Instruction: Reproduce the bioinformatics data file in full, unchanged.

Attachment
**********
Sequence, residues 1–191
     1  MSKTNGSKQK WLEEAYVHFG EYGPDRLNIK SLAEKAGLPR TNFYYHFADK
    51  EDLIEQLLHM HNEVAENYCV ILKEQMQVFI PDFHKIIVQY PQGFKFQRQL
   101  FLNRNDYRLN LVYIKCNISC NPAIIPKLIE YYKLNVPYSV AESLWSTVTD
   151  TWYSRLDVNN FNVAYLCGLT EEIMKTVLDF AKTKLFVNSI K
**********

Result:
Sequence, residues 1–191
     1  MSKTNGSKQK WLEEAYVHFG EYGPDRLNIK SLAEKAGLPR TNFYYHFADK
    51  EDLIEQLLHM HNEVAENYCV ILKEQMQVFI PDFHKIIVQY PQGFKFQRQL
   101  FLNRNDYRLN LVYIKCNISC NPAIIPKLIE YYKLNVPYSV AESLWSTVTD
   151  TWYSRLDVNN FNVAYLCGLT EEIMKTVLDF AKTKLFVNSI K